Passagemaker Lite 74

  • PL 74 Specifications

    • LOA: = 74’ 0” (22.55m)
    • LWL: = 71’ 3” (21.7m)
    • Beam max = 16’ 0” (4.87m) waterline = 14’ 7” (4.44m)
    • Draft: (half load) = 4’ 6” (1.37m)
    • Displacement: (half load) = 90,000 lbs
    • Power: Single or twin engines, both with propellers in pockets with heavy full depth skegs for excellent protection.
    • Cruising speed: = 10-12 knots
    • Hull Form and Construction: Round bottom aluminum hull with all integral tanks and three full height watertight bulkheads.
    • General Comments: Update 2013/11/04: Custom PL 74 revision and rearrangement under commission.

      Increased beam, revised house with separate stepped up pilot house, new arrangement with full width owner's suite. No sail assist.

      PDF of sail assisted PL74 arrangement and profile.

Passagemaker Lite Design Reviews:

Articles by Tad Roberts about Passagemaker Lite:

Passagemaker Lite Designs:

Read more on the Passagemaker Lite web site:

  • passagemakerlite-website-homepage

    Passagemaker Lite web site

  • Passagemaker Lite design series is Tad Roberts' modern, lightweight, fuel-efficient re-statement of the fast, seaworthy, long-range power cruiser. There are now two series, the orginal traditional one and a modern one, in lengths from 39' to 98'.

Extended Comments

The ship is available in two exterior configurations, Flying Bridge and Low Profile. The Low Profile provides an air draft of less than 12’ 0” (3.65m) for access to many European canals. Interior arrangements will be semi-custom but configuration allows a huge completely private owner’s suite forward, with office, day head, and walk-in storage. Amidships under the pilothouse is space for twin guest cabins each with en-suite head. Galley and dining areas can be up or down.

Key areas of the arrangement are a full headroom engine room, and a huge storage garage accessed from the aft swim deck. There is also a large watertight storage room forward of the collision bulkhead, accessed from the foredeck. Storage for a 17’ hard outboard skiff is arranged on the aft deck, with easy launching and retrieval over rollers (no crane required). Additional kayak storage is available on the rooftop or in the garage.

Stabilization options include active fins, fixed bilge keels, towed paravanes, and steadying/get home sails.

Preliminary price indications are that a single engine version can be built in Europe for approximately the same price as a Dashew FPB 64, about $2.5m.

In my first iteration of this concept I've been struggling (erring on the conservative side) to get the height needed to double deck in the pilothouse area. I now have a plan to reduce overall height by over 6", getting us below the critical 3.5m.....and the difference between half load and full load is 5.25".....this will be sorted out as we work through the detail design.

So when in canal mode perhaps the small boat moves to the foredeck, obscuring visibility from the pilothouse but you still have the upper control station........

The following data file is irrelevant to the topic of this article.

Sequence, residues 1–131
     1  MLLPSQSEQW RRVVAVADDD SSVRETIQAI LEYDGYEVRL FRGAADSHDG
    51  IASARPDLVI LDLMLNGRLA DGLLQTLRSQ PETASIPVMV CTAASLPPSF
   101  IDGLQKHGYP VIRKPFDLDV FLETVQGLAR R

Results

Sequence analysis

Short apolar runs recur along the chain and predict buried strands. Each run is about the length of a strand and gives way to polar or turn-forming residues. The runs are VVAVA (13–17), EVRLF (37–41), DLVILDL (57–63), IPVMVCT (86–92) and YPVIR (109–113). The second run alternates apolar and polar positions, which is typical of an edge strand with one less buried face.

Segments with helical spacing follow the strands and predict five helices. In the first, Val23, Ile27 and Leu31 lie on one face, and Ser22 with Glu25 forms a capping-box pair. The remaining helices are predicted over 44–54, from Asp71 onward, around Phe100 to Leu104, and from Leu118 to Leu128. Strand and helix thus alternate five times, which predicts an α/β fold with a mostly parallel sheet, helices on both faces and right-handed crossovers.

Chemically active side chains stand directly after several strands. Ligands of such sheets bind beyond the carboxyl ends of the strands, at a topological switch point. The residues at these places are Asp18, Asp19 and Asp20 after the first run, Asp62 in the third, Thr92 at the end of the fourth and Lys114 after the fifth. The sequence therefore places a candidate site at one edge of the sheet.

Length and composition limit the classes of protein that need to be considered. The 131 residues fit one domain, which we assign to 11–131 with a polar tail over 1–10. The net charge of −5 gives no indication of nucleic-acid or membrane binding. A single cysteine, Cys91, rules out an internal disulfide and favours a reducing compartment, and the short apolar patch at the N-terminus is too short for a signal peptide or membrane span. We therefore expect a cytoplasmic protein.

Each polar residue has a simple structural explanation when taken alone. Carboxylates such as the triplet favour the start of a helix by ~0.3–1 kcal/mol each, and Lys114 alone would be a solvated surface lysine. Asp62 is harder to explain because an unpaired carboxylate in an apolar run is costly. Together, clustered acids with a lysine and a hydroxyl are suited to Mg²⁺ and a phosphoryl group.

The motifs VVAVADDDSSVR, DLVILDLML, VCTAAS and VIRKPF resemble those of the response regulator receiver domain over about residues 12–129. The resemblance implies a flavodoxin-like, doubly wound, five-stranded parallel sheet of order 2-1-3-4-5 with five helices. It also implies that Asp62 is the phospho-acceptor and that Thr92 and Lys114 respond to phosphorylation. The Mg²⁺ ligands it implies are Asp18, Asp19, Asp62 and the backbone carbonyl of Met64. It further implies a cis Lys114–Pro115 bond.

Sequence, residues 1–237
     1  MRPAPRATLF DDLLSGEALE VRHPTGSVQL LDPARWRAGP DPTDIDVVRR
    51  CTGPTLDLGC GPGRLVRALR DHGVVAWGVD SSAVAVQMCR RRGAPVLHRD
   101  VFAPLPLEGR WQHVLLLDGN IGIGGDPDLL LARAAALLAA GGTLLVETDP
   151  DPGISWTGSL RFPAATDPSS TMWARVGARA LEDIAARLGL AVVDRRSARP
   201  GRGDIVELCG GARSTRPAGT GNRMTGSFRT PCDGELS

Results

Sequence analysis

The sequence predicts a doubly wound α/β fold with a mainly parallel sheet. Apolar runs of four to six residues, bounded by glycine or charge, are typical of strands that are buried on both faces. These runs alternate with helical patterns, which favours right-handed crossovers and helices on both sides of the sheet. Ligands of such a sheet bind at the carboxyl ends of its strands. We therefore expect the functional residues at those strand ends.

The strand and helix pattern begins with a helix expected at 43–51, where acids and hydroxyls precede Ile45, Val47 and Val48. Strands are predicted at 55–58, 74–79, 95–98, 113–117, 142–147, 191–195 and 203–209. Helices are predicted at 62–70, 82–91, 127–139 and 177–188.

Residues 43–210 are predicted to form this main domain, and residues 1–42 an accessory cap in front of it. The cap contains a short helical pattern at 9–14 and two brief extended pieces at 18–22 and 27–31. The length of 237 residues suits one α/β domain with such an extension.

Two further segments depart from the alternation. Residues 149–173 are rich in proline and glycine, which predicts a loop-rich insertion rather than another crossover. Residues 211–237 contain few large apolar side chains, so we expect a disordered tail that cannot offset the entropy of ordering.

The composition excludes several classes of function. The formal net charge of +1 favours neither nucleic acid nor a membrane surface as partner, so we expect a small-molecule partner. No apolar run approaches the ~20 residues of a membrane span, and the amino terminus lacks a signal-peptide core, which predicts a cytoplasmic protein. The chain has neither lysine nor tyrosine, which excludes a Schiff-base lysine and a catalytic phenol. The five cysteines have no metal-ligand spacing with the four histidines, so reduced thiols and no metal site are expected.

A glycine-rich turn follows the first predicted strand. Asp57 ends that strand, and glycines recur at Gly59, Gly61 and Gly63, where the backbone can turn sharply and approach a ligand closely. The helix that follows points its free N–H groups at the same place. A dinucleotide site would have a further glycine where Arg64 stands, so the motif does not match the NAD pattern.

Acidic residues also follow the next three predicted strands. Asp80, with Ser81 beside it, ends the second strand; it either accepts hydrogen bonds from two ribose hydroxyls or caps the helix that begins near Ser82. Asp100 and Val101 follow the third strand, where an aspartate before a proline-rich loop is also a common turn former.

My other thought was that with that great small boat, why take the big one into the tiny canals? The big dinghy can have a full weather enclosure, heat, full electronics, two outboards, even an electric outboard....she could easily support week long trips away from the sleep in local BandB's beside the canal, eat in local restaurants, you minimize the disturbance of your passing in a small open gain many more local acquaintances while traveling in a humble open boat.......

On stabilizer fins.....See Comments regarding shallow canal banks lead one to suggest that paravanes are the solution....except that some object to the possible work involved in deploying and recovering these. So what about retractable bilge boards?

I first published the first Passagemaker Lite concepts in 2002, 18 months before Dashew’s Windhorse was first published.

One of my thoughts is that the Dashew boats (83 and 64) don't have very people friendly decks. A high flush deck provides good high-angle stability, but Dashew has learned (in 35,000 miles) that's not a huge issue. They may be normal for modern sailing types, but I know that the high bulwarks on Grand Banks boats sell boats to women (who often get deck duty). Wire lifelines and tiny little toerails don't do much for confidence on the deck. I really like the high bulwarks along the side decks, a solid roof overhead so windows and doors can be opened in any weather, and the well protected after deck. The only place to be outside on Windhorse is the Flying Bridge, which also seems unprotected with it's open front, low sides, and plex uppers.

Other differences are the swim step, Windhorse's is tiny and you can't step on to it from the dock, ours is full width of the boat (13' wide) and 30" fore and aft. And it opens to a huge storage garage, not two little lockers but a space full width of the boat, 10' fore and aft, and over 5' deep. That's one locker with 650 cubic feet of storage.....

The ability to carry a good big boat is also vital. The PL 74 can carry a 17' to 17'6" outboard boat on her afterdeck. Boats this big can have great range and take prolonged exploration or fishing trips away from the mothership. But boats this big are heavy, and get scary to load with cranes, so rollers and a winch are the way to go. Not having to tow this big boat everywhere will be worth the price of admission to me.

Tad Roberts